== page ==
My grandmother taught me to sew when I was very little-maybe 5 years old. We started with really basic patchwork: squares for days, people. Most of the time I’d sit on her lap and direct the fabric as she worked the pedal of her Singer. I always urged her to, “Go faster, Grandma!” but she’d tell me she was already going fast enough.
From the beginning, I was a quilter who wanted to get a project done as quickly as possible so I could move on to the next project.
I kept sewing, on and off, throughout my adolescence, maintaining my “speed demon” attitude. Did I want my projects to look nice? Yes, but I was always more concerned with getting them finished than all my points being perfect and everything laying flat. I always figured, at the end of the day, if the quilt keeps you warm then mission accomplished!
Fast forward to the end of college when I rediscovered my love for quilting. After moving into my house, I finally had the time and space to really commit to the craft. As I started to work on new quilts, I now wanted to make sure I had perfectly matched points and perfect fabric combinations and perfectly flat quilts with perfectly invisible bindings. Suddenly, the joy of creating that I had experienced as a kid was replaced by an obsession with perfection.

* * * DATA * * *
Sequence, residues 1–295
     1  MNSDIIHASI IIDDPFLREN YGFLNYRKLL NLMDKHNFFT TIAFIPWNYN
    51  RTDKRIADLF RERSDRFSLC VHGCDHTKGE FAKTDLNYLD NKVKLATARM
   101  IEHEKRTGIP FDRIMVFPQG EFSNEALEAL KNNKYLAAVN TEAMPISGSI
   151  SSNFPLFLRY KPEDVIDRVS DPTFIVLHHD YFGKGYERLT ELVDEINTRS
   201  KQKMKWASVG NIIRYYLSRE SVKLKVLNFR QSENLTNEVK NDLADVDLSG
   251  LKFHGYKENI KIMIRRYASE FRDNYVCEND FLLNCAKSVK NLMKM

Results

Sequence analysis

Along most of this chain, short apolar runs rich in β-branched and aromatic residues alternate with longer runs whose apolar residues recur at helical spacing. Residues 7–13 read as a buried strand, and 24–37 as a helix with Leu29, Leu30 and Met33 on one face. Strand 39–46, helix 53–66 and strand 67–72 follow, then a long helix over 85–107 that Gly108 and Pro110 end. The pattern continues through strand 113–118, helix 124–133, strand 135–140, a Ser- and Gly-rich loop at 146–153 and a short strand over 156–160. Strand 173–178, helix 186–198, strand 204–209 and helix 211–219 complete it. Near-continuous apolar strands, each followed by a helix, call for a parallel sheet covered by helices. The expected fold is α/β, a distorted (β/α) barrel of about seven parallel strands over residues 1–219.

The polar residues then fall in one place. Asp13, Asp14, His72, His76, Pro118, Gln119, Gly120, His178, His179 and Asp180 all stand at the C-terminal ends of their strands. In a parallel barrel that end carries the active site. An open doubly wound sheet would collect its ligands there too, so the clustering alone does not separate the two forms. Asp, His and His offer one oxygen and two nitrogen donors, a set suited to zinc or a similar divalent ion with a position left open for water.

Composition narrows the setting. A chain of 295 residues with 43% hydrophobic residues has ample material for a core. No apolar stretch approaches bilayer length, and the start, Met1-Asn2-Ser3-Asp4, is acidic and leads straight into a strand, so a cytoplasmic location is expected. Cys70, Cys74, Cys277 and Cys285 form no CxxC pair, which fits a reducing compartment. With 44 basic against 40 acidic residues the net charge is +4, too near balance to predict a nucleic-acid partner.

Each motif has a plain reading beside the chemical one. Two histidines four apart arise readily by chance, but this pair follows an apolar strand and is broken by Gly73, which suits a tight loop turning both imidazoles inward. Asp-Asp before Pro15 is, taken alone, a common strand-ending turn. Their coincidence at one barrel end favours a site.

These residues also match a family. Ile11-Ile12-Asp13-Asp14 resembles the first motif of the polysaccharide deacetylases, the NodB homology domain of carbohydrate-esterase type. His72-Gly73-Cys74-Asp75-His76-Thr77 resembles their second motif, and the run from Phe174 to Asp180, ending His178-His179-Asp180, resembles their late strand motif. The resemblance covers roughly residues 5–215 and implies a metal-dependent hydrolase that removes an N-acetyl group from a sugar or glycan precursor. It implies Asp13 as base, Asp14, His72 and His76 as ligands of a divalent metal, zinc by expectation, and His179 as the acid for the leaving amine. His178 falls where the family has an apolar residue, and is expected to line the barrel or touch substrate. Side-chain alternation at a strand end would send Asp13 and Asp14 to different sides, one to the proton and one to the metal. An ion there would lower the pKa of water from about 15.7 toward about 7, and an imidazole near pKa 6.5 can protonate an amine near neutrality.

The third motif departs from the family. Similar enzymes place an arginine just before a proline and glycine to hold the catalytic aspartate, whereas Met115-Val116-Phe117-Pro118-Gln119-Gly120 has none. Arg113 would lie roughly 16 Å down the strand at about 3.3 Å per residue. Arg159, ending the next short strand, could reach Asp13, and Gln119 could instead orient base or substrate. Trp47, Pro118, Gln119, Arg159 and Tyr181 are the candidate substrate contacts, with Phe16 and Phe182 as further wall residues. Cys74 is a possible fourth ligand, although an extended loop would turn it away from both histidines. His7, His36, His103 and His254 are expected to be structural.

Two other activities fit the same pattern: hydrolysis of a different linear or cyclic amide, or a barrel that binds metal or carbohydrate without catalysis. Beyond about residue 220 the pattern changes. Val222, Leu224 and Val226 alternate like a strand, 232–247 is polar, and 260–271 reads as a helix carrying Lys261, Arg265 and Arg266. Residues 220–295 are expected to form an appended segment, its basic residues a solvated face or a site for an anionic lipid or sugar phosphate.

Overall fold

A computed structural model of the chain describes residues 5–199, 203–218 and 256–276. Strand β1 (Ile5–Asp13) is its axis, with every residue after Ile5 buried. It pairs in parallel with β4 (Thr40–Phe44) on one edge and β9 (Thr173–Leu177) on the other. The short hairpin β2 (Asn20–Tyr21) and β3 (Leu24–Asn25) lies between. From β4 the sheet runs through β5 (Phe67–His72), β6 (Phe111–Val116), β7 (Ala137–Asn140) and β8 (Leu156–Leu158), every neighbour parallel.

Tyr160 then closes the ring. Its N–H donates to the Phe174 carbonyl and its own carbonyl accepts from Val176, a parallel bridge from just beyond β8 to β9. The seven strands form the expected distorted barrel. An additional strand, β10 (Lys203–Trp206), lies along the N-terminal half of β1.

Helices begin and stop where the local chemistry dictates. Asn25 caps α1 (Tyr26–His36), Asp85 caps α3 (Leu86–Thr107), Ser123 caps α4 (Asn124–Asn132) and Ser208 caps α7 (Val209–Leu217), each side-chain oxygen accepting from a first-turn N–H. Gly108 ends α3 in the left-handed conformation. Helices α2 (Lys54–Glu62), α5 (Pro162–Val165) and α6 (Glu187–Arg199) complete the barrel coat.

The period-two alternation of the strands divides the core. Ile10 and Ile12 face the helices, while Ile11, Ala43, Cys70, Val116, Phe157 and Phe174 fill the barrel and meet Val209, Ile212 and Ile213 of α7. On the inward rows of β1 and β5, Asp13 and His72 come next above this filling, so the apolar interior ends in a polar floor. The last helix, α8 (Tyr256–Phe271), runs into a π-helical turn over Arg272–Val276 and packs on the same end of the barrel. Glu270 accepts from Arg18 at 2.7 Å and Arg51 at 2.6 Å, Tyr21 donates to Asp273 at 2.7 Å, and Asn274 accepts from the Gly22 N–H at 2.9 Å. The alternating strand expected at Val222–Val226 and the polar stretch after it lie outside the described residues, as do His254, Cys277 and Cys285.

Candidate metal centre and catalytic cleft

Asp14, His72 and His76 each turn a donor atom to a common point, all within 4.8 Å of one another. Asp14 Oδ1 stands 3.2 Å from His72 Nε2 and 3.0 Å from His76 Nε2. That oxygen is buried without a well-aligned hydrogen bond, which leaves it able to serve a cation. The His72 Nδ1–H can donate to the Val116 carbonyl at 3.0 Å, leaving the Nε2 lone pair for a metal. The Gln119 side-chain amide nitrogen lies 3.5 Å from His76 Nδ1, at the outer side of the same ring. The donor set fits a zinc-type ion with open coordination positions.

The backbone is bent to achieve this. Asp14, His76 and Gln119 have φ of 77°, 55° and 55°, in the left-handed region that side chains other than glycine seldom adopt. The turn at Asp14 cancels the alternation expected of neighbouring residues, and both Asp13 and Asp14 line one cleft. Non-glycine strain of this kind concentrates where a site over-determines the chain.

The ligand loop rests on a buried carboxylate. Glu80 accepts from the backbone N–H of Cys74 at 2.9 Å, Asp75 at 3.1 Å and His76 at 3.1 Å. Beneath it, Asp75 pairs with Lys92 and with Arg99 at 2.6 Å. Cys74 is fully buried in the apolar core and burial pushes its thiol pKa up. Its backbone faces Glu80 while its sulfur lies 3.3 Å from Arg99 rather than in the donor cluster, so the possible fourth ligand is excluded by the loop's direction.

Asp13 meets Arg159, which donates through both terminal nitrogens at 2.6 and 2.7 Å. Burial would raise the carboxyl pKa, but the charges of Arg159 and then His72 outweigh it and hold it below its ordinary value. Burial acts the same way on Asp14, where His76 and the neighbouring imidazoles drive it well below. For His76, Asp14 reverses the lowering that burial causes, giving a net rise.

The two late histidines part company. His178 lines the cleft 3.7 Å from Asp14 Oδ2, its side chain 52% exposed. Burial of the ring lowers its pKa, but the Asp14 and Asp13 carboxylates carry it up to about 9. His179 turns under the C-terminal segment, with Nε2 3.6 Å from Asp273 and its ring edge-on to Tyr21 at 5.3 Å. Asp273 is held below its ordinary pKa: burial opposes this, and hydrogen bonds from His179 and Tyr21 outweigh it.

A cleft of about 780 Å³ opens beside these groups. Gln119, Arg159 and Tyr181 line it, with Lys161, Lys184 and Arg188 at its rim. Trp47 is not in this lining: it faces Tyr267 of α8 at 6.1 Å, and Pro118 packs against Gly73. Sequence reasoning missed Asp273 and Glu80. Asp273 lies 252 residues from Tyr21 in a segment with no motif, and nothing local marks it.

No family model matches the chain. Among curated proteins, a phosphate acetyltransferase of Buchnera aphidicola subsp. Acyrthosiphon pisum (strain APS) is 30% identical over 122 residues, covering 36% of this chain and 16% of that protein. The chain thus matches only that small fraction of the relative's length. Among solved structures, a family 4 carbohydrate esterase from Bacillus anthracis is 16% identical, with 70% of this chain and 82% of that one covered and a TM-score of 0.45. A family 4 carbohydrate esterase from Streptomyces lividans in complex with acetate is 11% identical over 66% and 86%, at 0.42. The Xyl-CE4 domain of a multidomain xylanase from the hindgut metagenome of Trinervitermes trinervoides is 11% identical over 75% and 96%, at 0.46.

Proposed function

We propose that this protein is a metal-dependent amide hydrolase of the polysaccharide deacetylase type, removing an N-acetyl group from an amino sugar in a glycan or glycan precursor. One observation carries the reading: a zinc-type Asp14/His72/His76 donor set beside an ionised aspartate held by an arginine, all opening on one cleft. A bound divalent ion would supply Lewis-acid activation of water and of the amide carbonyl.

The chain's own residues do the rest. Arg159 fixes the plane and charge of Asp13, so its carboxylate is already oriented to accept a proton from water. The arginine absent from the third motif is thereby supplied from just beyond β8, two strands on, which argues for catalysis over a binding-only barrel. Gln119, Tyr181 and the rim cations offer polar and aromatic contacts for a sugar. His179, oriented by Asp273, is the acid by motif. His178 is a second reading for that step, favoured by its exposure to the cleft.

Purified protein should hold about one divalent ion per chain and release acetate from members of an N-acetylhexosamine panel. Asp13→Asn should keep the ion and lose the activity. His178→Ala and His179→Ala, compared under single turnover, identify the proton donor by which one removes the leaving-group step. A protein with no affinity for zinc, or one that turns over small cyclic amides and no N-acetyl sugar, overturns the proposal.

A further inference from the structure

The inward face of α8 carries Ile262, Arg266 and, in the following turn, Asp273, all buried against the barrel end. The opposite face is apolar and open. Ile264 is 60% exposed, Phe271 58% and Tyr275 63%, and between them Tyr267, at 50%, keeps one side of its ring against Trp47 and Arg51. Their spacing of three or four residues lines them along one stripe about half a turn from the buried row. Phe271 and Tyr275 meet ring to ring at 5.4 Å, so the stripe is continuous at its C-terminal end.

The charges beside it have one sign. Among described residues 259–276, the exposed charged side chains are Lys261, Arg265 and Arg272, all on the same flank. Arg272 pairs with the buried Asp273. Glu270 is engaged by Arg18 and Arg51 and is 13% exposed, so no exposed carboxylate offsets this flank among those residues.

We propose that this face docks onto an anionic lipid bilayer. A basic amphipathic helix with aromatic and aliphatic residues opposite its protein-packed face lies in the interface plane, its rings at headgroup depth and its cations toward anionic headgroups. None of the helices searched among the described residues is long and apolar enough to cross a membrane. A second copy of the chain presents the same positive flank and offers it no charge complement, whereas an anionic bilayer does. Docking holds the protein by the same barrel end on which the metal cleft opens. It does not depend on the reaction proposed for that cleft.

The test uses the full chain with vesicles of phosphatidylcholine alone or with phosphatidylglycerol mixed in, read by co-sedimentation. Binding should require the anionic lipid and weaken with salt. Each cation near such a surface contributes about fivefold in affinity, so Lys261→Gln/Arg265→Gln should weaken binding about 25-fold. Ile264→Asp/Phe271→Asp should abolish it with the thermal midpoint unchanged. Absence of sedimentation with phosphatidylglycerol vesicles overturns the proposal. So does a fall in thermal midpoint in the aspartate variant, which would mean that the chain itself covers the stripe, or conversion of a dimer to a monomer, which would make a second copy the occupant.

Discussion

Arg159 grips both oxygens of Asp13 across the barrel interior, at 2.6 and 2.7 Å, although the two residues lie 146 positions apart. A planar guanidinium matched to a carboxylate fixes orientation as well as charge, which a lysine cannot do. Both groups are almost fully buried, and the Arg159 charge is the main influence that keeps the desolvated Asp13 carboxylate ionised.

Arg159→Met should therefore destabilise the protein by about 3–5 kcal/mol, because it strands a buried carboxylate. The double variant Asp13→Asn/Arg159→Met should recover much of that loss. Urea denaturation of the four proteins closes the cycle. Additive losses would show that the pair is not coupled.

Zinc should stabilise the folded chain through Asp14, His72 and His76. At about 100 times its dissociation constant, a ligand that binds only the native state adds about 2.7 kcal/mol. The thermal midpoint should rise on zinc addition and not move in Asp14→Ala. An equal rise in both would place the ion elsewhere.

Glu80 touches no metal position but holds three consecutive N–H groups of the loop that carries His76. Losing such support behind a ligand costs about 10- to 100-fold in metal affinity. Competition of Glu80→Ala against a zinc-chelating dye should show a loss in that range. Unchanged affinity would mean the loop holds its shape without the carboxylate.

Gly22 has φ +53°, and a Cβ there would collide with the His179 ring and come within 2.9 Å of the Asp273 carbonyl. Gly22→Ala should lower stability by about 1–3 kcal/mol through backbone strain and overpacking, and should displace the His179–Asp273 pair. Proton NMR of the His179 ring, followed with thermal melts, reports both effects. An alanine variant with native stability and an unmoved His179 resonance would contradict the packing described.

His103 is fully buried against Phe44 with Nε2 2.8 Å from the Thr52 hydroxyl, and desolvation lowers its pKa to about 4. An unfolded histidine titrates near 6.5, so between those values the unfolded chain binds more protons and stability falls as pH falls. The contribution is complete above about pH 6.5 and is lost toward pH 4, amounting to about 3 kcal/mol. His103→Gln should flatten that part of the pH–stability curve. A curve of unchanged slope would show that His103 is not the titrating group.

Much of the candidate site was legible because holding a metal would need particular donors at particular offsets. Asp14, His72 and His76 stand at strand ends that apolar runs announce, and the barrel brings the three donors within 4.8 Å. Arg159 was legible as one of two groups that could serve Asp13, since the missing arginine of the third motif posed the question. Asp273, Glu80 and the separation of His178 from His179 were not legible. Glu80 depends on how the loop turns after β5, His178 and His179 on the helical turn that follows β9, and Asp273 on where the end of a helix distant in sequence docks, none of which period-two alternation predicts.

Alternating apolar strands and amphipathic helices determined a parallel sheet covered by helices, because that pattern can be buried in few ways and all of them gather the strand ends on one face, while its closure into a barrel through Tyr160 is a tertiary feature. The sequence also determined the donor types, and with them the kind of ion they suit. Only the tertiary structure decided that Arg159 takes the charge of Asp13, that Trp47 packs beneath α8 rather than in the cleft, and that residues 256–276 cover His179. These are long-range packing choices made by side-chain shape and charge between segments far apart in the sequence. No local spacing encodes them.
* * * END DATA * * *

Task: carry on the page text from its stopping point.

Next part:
It was then that I made a choice of sorts. I decided to care more about the journey and joy of quilting rather than the finished product being perfect. So now when things don’t go perfectly, I just tell myself,
This phrase does not mean that I won't try to have good points and consistent stitch lengths; and it definitely doesn't mean I won't always be trying to improve. What it does mean is that perfection is not the goal of quilting for me. I had it right as a kid: the goal is to make a quilt to keep me or someone I love warm.
Mistakes happen, and, unless they’re major, I don’t really try and correct them because, well, it’s fine. It's fine because I learned from the experience. It's fine because I still enjoy quilting. It's fine because I don't have to be perfect. It's fine because this quilt will do its job. And honestly, it's fine because it just is.
Quilting is a journey, a process, and a passion. If you forget this and only focus on making things perfect, you risk losing the joy. So tell yourself, “it’s fine” and keep on quilting!